Chinese corn mill in North Dakota deemed ‘significant threat’ by US Air Force

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The construction of a Chinese-owned corn mill in North Dakota will likely be halted after the U.S. Air Force flagged it as a “significant threat to national security.”

Fufeng Group, an MSG and xanthan gum manufacturer based in Shandong province, China, previously bought 370 acres of farmland in Grand Forks through its American subsidiary.

The city council approved the company’s $700 million proposal to build the mill last year, citing economic development success.

However, thousands of residents have since expressed their disapproval of the mill. In August 2022, at least 5,000 residents signed a petition that sought to prevent the mill’s development.

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Although city officials initially supported the mill’s construction in the hopes of generating jobs and tax revenue, Mayor Brandon Bochenski issued a statement on Tuesday asserting that the proposed mill “should be stopped.”

The federal government has requested the city’s help in stopping the project as geo-political tensions have greatly increased since the initial announcement of the project,” he said.

Bochenski said that he would block the construction by denying building permits and refusing to connect city infrastructure to the building site.

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Republican Senators John Hoeven and Kevin Cramer shared a letter from the Air Force which states that “the proposed project presents a significant threat to national security with both near- and long-term risks of significant impacts to our operations in the area.”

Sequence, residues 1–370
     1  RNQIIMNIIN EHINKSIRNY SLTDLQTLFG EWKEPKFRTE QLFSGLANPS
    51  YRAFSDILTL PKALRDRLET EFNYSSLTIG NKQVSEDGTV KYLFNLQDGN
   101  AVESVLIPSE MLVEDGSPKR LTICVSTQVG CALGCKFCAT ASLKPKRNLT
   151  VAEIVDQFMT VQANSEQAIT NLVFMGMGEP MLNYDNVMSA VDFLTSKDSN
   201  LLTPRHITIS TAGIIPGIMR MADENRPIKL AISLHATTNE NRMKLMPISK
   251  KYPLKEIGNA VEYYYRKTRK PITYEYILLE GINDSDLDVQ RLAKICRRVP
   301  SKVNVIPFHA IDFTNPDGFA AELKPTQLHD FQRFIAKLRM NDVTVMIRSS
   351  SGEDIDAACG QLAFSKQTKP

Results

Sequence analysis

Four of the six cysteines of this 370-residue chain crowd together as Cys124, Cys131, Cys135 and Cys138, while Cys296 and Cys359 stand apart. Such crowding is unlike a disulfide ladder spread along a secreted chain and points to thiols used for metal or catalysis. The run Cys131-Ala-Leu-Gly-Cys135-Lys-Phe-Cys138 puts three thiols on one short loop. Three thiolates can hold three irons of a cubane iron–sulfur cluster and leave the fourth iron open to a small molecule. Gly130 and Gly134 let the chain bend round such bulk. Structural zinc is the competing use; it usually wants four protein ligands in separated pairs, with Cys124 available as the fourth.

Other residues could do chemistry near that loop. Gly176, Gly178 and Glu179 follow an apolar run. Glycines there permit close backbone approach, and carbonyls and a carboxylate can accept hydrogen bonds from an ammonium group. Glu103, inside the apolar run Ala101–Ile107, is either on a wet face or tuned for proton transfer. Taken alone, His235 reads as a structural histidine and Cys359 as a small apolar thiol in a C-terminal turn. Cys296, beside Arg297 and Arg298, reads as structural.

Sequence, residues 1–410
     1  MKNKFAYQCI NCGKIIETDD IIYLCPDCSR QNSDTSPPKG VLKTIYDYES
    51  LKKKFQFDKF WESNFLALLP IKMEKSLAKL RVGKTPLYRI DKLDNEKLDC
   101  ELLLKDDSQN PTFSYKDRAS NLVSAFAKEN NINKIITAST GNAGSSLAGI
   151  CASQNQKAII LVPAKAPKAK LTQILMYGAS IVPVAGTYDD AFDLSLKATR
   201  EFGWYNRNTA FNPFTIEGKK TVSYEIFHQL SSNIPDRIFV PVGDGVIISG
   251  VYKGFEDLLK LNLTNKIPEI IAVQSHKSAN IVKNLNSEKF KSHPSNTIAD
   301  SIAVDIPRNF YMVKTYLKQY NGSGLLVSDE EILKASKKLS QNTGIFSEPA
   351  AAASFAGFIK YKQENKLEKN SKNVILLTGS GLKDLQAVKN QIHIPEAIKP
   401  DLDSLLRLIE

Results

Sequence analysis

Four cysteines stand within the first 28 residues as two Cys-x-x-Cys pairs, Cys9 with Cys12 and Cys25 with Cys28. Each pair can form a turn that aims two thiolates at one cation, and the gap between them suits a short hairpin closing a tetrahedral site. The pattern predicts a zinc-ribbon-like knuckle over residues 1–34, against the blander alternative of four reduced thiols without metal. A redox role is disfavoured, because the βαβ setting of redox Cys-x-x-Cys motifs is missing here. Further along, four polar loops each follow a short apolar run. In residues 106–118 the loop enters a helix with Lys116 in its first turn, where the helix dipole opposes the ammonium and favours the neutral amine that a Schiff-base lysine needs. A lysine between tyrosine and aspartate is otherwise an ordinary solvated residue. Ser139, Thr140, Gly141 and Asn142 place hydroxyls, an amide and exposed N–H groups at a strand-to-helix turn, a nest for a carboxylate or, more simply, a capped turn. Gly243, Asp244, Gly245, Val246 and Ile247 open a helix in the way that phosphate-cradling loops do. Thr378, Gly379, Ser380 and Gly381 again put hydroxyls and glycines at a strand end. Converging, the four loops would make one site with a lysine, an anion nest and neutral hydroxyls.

Although the Air Force did not state specific threats, residents speculated that the corn mill might be used for spying for China.

However, Fufeng USA’s Chief Operating Officer Eric Chutorash has since denied that the mill would be used to spy on or harm the U.S.

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The corn mill was proposed to be built 12 miles away from the Grand Forks Air Force Base, which is home to U.S. intelligence, surveillance and reconnaissance units, including its top-secret drone technology.

In a joint press release on Tuesday, Hoeven and Cramer called on city officials to “discontinue” the project and instead “work together to find an American company to develop the agriculture project.”

Members of the city council reportedly declared that they had not yet approved the project and said they were unaware of the company’s Chinese origins.

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The turnabout in the project comes during a period of rising suspicion against China and the U.S' longstanding trade relationship with the East Asian nation. Several states have reportedly considered bills to limit or ban Chinese land ownership.

A final decision is expected to be made during a city council vote in the coming weeks.